Bioinformatic and experimental methods to identify and validate bacterial RNA-human RNA interactions
Journal of investigative medicine : the official publication of the American Federation for Clinical Research
RNA; RNA, messenger; bacteria; microbiota; research design
Ample evidence supports the importance of the microbiota on human health and disease. Recent studies suggest that extracellular vesicles are an important means of bacterial-host communication, in part via the transport of small RNAs (sRNAs). Bacterial sRNAs have been shown to co-precipitate with human and mouse RNA-induced silencing complex, hinting that some may regulate gene expression as eukaryotic microRNAs do. Bioinformatic tools, including those that can incorporate an sRNA's secondary structure, can be used to predict interactions between bacterial sRNAs and human messenger RNAs (mRNAs). Validation of these potential interactions using reproducible experimental methods is essential to move the field forward. This review will cover the evidence of interspecies communication via sRNAs, bioinformatic tools currently available to identify potential bacterial sRNA-host (specifically, human) mRNA interactions, and experimental methods to identify and validate those interactions.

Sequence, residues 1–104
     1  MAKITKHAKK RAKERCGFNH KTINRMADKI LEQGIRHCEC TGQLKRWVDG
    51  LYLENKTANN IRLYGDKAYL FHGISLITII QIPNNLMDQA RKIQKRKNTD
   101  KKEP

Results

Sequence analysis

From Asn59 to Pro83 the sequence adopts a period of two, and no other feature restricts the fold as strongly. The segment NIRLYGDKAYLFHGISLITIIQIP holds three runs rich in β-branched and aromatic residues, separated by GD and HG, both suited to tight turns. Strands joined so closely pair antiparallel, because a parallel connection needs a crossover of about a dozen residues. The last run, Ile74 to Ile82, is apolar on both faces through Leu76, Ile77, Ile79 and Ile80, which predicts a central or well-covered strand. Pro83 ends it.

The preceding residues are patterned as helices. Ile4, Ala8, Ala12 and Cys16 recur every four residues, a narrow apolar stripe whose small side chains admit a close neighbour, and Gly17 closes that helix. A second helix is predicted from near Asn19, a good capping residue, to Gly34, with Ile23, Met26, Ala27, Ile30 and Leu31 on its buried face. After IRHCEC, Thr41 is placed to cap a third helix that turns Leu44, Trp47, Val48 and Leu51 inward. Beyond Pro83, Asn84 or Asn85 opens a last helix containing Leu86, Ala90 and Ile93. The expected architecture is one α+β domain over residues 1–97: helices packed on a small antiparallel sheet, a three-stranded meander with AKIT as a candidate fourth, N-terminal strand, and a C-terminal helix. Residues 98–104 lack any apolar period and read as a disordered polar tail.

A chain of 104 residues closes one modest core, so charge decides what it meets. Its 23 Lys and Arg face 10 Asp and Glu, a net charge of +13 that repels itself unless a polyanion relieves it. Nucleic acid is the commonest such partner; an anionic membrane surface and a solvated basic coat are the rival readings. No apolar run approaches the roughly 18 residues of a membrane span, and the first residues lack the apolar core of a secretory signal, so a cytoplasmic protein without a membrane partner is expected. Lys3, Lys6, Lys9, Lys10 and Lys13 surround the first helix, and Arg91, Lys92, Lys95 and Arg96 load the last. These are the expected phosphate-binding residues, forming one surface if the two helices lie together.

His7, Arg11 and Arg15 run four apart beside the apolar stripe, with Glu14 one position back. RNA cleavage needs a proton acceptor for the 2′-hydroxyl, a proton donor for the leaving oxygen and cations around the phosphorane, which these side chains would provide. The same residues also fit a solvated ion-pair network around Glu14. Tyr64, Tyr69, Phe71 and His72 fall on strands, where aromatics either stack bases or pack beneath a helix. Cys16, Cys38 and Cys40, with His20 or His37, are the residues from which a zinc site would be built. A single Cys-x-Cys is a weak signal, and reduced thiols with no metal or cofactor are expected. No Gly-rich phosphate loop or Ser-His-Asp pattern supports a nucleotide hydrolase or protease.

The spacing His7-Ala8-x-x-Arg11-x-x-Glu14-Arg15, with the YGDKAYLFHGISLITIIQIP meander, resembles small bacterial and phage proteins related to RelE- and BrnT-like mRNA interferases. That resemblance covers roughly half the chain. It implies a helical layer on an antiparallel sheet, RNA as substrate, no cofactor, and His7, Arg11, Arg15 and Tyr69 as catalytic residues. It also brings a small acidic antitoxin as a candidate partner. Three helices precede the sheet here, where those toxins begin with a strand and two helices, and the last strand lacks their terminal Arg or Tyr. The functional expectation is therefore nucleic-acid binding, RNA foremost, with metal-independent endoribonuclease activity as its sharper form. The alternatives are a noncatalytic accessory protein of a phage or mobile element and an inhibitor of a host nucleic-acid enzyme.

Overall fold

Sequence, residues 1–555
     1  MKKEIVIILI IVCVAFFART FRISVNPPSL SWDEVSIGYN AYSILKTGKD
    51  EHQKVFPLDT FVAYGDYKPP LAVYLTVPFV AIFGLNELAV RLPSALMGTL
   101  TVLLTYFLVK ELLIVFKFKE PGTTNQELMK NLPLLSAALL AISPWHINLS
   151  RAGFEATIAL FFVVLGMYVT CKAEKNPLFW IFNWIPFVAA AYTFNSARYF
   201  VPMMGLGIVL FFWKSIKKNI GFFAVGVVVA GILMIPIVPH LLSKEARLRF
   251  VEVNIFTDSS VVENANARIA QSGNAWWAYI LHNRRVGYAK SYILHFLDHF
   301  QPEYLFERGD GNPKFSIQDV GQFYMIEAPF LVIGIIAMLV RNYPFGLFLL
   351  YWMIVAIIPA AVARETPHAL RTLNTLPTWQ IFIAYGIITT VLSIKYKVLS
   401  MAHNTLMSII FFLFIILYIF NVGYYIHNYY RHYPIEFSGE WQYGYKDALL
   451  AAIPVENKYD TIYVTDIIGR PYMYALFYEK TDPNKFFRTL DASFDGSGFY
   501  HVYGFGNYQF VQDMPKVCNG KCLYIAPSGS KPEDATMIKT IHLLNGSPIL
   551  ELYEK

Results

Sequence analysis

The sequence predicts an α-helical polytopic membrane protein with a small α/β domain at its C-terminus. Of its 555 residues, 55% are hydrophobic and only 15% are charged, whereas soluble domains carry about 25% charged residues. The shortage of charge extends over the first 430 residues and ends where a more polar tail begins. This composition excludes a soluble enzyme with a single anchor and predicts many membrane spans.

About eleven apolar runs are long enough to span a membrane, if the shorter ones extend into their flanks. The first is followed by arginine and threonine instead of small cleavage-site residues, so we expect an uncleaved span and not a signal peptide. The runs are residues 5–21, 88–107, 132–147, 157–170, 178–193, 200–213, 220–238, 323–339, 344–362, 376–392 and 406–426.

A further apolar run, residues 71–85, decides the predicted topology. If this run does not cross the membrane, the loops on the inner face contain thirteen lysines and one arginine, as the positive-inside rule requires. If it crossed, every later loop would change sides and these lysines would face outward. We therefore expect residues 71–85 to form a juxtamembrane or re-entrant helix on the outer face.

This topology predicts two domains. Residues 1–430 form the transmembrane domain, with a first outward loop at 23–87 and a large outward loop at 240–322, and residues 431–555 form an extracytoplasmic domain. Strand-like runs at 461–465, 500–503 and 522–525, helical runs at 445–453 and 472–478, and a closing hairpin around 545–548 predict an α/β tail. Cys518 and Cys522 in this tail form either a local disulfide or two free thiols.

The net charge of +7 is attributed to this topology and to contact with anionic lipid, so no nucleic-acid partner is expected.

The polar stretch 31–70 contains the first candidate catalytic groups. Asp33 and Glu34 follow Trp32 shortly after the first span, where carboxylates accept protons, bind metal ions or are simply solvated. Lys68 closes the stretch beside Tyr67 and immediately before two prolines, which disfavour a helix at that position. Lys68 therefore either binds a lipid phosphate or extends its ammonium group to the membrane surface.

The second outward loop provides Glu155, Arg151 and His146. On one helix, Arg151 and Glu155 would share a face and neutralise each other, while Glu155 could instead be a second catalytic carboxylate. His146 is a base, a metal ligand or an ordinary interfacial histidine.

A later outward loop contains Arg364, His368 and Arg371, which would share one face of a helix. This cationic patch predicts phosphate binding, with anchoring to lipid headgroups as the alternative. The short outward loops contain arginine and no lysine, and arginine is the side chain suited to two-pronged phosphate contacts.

Krohmaly, Kylie I.; Freishtat, Robert J.; and Hahn, Andrea L., "Bioinformatic and experimental methods to identify and validate bacterial RNA-human RNA interactions" (2022). GW Authored Works. Paper 1589.